Monday Briefing: How will the town handle ‘probing’ questions?

MICHAEL WHITE PHOTO | Riverhead Town Hall's main entrance on Howell Avenue.

Phew. The News-Review staff was running a reporting marathon last week with the local GOP and Democratic political party conventions, school budget voting and the Riverhead schools infrastructure improvement bond presentation.

That, on top of all the regular breaking news. At this point even adding all these hyperlinks is getting tiring.

But enough about the past, let’s look to the future.

• There’s some trouble in Town Hall, with more than one internal investigation going on into employee conduct. Supervisor Sean Walter told the paper it’s been a busy year for the ethics committee; there have already been some notes added to personnel files and harsher penalties are likely coming, he said.

Details on the probes are scant due to legitimate privacy concerns, but like Councilman George Gabrielsen told us, “Sooner or later, somebody has to say something.”

If I could make a suggestion to our elected leaders, when it’s clear the bulk of these issues has been resolved, write up a long press release offering enough explanation as to not leave taxpayers questioning what is or isn’t going on with workers they pay, while also protecting personnel privacy. It can be done! The NYPD seems to get this type of information out every week. Perhaps the town attorney could call the city police department’s public information apparatus for advice.

As a side note, and as I explained in a very cordial conversation with a town official last week, the newspaper’s goal is not to disgrace or publicly embarrass a town employee through these articles, but we have a duty to report ongoing investigations when we hear of them. And also when they’ve wrapped up.

Our elected leaders should work with us on this, and not attempt to completely shut down the flow of information.

• Bob Olson, Riverhead resident and retired State Police investigator, won’t be running a Democratic primary for a town council nomination this summer, the News-Review learned Monday morning.  I sent him a Facebook message asking why.

Here was his response:

“My wife and I talked it over and decided it was not a really good time for us to undertake such a massive effort. I would have been willing to run an aggressive campaign and think that I would have had a great deal of success if I had been the nominee. However, having a pretty fair amount of experience in politics, I know just how difficult it would be to mount both a primary challenge for the nomination and also compete in the general election. At this time, I am not prepared to put myself and my family through that ordeal.”

We’re breaking news here in the Briefing people!

• So, it appears the Town Board slates are finalized for this year’s local elections, with Sean Walter taking on former supervisor Phil Cardinale in a rematch of 2009’s bout. Then for town council seats, we’ll have incumbents Jim Wooten and George Gabrielsen taking on Democrats Marlando Williams and Matt Van Glad.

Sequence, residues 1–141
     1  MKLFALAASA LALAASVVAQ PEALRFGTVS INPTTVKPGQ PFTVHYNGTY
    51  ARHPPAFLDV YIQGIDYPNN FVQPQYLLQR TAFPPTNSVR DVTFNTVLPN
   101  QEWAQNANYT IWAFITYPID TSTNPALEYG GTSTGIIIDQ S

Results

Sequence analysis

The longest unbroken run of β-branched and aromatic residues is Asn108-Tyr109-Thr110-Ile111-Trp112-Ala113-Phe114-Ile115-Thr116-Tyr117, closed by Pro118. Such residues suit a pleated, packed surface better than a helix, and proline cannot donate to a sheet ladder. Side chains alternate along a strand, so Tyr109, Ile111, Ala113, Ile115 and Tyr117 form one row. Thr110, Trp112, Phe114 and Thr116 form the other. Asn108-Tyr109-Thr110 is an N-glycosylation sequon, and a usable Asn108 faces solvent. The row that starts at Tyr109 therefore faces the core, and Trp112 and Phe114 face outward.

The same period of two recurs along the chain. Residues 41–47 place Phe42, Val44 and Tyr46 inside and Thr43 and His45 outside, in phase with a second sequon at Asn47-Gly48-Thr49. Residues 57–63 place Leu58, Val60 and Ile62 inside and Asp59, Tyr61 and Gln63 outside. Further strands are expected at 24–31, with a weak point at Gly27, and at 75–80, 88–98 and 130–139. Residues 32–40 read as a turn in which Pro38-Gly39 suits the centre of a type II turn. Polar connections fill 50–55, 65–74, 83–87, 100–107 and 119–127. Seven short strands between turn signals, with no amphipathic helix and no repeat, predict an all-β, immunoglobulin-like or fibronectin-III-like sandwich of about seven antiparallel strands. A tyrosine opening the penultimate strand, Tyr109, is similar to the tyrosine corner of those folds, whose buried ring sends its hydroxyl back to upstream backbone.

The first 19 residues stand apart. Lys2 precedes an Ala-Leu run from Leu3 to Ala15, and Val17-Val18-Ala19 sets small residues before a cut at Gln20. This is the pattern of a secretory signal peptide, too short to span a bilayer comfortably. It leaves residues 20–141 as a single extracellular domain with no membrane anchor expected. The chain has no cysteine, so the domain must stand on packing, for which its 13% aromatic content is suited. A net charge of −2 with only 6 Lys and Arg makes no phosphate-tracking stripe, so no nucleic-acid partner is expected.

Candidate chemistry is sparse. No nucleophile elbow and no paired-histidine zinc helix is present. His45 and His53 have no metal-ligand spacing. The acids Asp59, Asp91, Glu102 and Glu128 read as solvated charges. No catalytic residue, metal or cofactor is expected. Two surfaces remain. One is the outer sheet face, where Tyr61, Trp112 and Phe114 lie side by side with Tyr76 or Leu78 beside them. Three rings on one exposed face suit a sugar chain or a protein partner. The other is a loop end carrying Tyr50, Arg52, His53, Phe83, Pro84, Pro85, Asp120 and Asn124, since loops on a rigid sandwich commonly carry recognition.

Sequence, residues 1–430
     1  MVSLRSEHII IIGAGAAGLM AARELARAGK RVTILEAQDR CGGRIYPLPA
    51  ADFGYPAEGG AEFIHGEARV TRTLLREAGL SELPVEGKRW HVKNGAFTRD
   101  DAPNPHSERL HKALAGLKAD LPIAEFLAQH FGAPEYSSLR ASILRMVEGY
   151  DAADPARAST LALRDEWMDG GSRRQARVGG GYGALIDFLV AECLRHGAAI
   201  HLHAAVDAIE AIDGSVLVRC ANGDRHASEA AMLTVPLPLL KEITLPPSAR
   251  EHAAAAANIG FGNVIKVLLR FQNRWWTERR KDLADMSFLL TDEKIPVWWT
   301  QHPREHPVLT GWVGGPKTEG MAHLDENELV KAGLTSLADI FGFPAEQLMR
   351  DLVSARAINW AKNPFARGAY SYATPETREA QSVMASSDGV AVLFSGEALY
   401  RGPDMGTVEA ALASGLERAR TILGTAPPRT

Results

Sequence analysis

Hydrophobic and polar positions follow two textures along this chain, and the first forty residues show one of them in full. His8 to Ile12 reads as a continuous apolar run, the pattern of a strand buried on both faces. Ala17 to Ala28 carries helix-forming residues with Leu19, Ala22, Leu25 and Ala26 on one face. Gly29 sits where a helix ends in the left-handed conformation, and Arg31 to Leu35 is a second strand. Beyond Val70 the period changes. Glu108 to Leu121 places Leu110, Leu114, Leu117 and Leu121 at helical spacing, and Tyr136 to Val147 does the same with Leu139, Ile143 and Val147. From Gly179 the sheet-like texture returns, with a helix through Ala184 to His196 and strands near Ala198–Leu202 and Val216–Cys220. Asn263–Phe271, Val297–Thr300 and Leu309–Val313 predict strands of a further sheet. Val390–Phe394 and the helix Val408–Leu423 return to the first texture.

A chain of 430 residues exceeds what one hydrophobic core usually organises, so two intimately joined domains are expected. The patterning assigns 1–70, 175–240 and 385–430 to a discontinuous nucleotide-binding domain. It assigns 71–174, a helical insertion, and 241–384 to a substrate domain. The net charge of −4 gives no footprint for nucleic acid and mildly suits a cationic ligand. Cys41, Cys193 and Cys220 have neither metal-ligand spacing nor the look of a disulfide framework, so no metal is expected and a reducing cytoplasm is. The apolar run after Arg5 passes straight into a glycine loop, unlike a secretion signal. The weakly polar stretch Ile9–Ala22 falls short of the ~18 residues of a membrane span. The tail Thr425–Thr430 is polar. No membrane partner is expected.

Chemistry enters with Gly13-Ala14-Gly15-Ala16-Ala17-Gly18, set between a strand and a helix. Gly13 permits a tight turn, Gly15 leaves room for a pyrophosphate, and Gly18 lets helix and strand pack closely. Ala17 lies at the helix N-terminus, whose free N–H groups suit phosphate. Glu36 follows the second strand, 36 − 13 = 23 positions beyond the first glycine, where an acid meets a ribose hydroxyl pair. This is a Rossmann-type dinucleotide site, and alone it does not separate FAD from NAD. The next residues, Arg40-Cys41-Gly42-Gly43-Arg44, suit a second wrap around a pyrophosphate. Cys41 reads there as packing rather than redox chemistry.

It will be interesting to see how each campaign takes shape, no doubt the focus will be on downtown, EPCAL (as usual) the town’s finances and squabbling on the current, all-Republican Town Board. This internal probe business may also find its ways into the campaigns.

• Supervisor Sean Walter on Friday told me The Riverhead Project restaurant on East Main Street will likely open this weekend, and that Cody’s Barbecue and Grill, which is housed in the former Casa Rica bar, should be open in the next two or three weeks. Look for a story.

• Memorial Day is this weekend, and there are big events planned in Riverhead, including Monday’s Memorial Day parade and Sunday’s street painting festival. Check out our calendar.

• Speaking of big events, yesterday was Duck Pond Day and News-Review contributing photographer John Griffin was there.

The ponds are such an iconic part of Wading River, and they shouldn’t be taken for granted. The ponds are always in need of maintenance and will need continued support from both Riverhead and Brookhaven towns.

Duck Pond Day shouldn’t be taken for granted either. The event — which was founded by Desiré Passantino and Eileen Drower in 1995 —is particularly difficult to organize because it stretches into two townships and has required a ton of work from both the Wading River-Shoreham Chamber of Commerce and the Wading River Civic Association since its inception.

In the years that have followed, proceeds from Duck Pond Day have been used not only for pond maintenance, but for planting around the pond, a new bench, and a tree in the parking lot opposite the pond. Additional revenues have been used to aid various local needs, including the lighting of Wading River’s hamlet center during the holidays.

• The Hamptons Collegiate Baseball League is in great need of host family housing for its players, and we’ve been asked to help spread the word.

Interested in housing a player? Click here for information. Opening Day is June 4.